North 2013

In the realm of the panther chameleons

Furcifer pardalis
Pantherchamäleon aus Ankaramibe

What I didn’t know last night: There is no sleeping at 30,9°C and without air conditioning anyway. The air is so extremely stuffy that at about three o’clock at night I open the window at some point because it is simply not bearable in the heat. As a result, a million mosquitoes follow the delicious smell of human skin. I spend the next two hours struggling with the hum, the fan, the mosquitoes, and the heat.At five I give up, put on my clothes and sit on the small veranda. Here at least the air is good and it gets light. Two hours later the other people finally arrive and wake up. It takes forever until breakfast is served. But patience pays off in Madagascar.

We leave for Ankaramy around nine o’clock. Off to the panther chameleons! Whereby Ankaramy is the river, the village itself is called Ankaramibe, which means “big Ankaramy”. In Ankaramibe the team drops us off behind the town sign and we stroll through the village. By the way, in the middle of the village, there is the most useless zebra crossing in Madagascar. The Taxibrousses pass it completely undisturbed, nobody uses it – but it exists. What it is for and who painted it, nobody can explain to me. Of course we also find Furcifer pardalis, the “pink panther” – although they are not pink, but rather a dirty red. But pretty! In a restaurant on the first floor you can get a liter of Coke and THB. You walk through the ground floor into a kind of hall, where it smells musty like grandmothers in the cellar. On the right, a small naked staircase without railings leads to the first floor. We place ourselves on the roofed terrace. Thorsten is sitting on three plastic chairs at the same time, because all of them are a little bit broken and together they just hold together. Funnily enough there is also an old stereo and a similarly old tube TV on the terrace, but there are no electric cables. Who knows if something works?

From Ankaramibe we go to Djangoa. The landscape reminds me again rather of a rainforest, everything very bushy, densely overgrown and green. Every second tree is a mango tree. Also here we search (and find) at the roadside panther chameleons, great animals. We continue to Ambanja, a long extended bigger city with 20.000 inhabitants, which has many more inhabitants than one would expect when driving through. But apparently the huts and villages around it count extremely many inhabitants. Ambanja is finally huge and pure chaos and dirt. Along the road around Beramanja, we find besides chameleons also a nice spotted frog, which nobody can really assign to an existing species. Maybe it is just not in the field guide yet. Or it is not described at all. That happens quite often on the island.

Then we head for Ankify and as we drive around a small bend I suddenly see the sea. Finally! Bright blue-turquoise it is only a few hundred meters away, a white beach, lined with palm trees. Paradise again. We end up at the Baobab Hotel. The main building is a bit elevated, the bungalows are arranged around it and really luxurious. Roundhouses made of stone with the usual roof, a big bed in the middle and a separate white tiled bathroom area. First I take off my shoes and before the guys have unloaded the luggage I walk on the beach and stretch my feet into the bathtub warm water. A little later I have to look for my luggage, it had been put into the trunk of another Landcruiser this morning because one of the team needed some Ibuprofen. But no problem, everything is found quickly and uncomplicated. Before I can hop into the sea, I have to order some food for the evening. In Madagascar, you sometimes need a little longer to cook. But then… the sea is warm, because of the salt content you always float on the surface without lifting a finger, the sky is blue (okay, a few small clouds), Nosy Komba and Nosy Faly are in sight (I ignore Nosy Be).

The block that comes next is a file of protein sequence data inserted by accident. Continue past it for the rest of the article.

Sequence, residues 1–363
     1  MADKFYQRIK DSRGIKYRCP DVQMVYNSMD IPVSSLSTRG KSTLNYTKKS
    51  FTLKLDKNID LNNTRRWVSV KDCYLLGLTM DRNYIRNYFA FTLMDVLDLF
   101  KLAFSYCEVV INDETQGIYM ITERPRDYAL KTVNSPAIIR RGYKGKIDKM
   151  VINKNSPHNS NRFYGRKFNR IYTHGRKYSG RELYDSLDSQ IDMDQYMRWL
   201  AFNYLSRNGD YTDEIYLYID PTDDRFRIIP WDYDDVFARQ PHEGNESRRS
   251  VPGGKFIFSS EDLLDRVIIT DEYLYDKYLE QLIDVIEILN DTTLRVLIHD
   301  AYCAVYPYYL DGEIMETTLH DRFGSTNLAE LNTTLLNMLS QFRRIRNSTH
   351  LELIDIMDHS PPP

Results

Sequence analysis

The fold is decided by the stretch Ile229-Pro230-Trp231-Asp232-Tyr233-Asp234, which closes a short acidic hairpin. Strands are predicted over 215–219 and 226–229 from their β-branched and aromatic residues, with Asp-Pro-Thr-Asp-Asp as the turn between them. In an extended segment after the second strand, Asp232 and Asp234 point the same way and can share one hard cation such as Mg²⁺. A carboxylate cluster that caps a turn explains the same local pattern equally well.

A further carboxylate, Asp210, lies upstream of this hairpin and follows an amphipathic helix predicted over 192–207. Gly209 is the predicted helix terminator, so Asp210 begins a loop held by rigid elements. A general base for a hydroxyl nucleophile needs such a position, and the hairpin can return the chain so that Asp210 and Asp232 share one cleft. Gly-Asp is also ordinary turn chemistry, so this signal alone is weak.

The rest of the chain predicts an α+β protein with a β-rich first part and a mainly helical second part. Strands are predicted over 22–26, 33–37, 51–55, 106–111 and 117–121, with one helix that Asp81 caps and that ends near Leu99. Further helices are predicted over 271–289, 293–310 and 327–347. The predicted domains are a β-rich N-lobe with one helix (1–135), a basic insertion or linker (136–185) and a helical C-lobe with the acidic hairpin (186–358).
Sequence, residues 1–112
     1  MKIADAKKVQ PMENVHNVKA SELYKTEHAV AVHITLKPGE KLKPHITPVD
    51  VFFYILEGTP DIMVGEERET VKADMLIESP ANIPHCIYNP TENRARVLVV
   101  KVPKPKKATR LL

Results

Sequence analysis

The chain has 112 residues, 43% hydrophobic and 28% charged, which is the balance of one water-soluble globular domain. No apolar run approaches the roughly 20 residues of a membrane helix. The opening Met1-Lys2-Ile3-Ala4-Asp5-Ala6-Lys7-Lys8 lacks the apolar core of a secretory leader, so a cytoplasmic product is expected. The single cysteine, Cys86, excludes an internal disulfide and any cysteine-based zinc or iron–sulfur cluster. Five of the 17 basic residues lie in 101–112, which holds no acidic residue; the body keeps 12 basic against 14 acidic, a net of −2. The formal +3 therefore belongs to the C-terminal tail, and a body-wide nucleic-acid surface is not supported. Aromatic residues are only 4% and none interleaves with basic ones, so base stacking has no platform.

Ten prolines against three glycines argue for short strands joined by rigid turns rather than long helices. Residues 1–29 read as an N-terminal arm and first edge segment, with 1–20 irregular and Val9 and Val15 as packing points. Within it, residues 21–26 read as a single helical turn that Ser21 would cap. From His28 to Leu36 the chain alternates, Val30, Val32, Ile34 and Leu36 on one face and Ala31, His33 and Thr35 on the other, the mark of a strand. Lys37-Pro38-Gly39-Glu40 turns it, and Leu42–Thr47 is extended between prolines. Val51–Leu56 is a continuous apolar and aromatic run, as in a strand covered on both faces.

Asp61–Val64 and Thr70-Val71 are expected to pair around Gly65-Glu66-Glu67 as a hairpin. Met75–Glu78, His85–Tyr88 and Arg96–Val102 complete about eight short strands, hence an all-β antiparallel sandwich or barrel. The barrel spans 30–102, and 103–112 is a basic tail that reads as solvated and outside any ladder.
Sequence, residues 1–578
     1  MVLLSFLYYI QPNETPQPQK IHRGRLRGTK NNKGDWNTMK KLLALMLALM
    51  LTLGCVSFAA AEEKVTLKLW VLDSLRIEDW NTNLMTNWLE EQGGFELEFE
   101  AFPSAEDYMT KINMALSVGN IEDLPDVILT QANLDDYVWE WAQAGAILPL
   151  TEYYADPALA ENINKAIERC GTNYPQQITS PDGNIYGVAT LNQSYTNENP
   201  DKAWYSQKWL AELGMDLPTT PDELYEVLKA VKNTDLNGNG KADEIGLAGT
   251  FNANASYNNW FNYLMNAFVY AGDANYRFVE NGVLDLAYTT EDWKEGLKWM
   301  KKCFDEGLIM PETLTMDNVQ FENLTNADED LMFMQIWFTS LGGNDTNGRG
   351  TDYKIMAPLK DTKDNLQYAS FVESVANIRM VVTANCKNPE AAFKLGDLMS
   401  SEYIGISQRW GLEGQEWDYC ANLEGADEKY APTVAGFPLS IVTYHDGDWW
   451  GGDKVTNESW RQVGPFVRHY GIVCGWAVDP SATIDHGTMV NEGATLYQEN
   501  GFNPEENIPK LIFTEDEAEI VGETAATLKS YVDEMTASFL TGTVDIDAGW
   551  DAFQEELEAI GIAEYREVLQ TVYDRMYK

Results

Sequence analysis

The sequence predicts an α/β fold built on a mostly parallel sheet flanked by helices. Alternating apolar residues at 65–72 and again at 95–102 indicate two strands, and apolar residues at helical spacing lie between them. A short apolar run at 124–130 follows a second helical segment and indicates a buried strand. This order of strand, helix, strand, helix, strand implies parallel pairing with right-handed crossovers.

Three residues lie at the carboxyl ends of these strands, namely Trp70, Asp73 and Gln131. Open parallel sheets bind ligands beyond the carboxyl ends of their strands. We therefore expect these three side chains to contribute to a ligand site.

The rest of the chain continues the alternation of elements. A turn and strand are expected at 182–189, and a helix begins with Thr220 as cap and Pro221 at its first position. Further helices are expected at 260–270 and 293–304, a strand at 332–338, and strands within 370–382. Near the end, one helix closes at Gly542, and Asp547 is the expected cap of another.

Straße nach Ankify
Street to Ankify

In the evening we meet in the restaurant, up the stairs, and past the comfortable armchairs. There are fish skewers with rice. I don’t really like fish, but it tastes really good! And after that there is THB as always…and even more THB… suddenly a group of Sakalava appears. They come from the village and earn some money with dancing and singing, but they also want to give the strange white people a little bit more information about their culture. The Salegy is a pretty wacky dance with lots of ass wiggling and enormous muscle demanding acrobatics. Well, I couldn’t do it. Later I fall into bed and fall asleep right away.

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Published by Alex

Alex ist 32 Jahre alt, wohnt in der Nähe von Mainz und ist im echten Leben fernab des Urlaubs Tierarzt mit Faible für Reptilien. Sie fotografiert und reist gerne, und so entstand auch dieser Blog. Nebenbei hält sie selbst Chamäleons zu Hause, schreibt an wissenschaftlichen Veröffentlichungen, betreibt ein kostenloses OnlineMagazin und erstellt Malbücher für madagassische Kinder.